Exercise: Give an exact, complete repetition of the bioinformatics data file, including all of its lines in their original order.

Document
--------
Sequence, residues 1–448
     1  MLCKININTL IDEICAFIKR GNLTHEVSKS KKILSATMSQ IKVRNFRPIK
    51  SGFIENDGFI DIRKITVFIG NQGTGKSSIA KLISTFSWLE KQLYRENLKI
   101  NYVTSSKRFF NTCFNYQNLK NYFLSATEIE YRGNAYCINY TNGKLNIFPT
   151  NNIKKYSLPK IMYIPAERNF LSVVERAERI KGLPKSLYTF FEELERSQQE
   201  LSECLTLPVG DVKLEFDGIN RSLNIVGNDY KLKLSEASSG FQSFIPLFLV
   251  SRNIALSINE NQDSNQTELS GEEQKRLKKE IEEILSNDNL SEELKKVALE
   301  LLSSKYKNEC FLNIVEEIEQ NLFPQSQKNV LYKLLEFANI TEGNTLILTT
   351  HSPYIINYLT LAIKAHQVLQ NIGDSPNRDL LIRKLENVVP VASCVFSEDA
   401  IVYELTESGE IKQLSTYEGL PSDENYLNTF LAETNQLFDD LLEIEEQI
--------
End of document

Sequence, residues 1–448
     1  MLCKININTL IDEICAFIKR GNLTHEVSKS KKILSATMSQ IKVRNFRPIK
    51  SGFIENDGFI DIRKITVFIG NQGTGKSSIA KLISTFSWLE KQLYRENLKI
   101  NYVTSSKRFF NTCFNYQNLK NYFLSATEIE YRGNAYCINY TNGKLNIFPT
   151  NNIKKYSLPK IMYIPAERNF LSVVERAERI KGLPKSLYTF FEELERSQQE
   201  LSECLTLPVG DVKLEFDGIN RSLNIVGNDY KLKLSEASSG FQSFIPLFLV
   251  SRNIALSINE NQDSNQTELS GEEQKRLKKE IEEILSNDNL SEELKKVALE
   301  LLSSKYKNEC FLNIVEEIEQ NLFPQSQKNV LYKLLEFANI TEGNTLILTT
   351  HSPYIINYLT LAIKAHQVLQ NIGDSPNRDL LIRKLENVVP VASCVFSEDA
   401  IVYELTESGE IKQLSTYEGL PSDENYLNTF LAETNQLFDD LLEIEEQI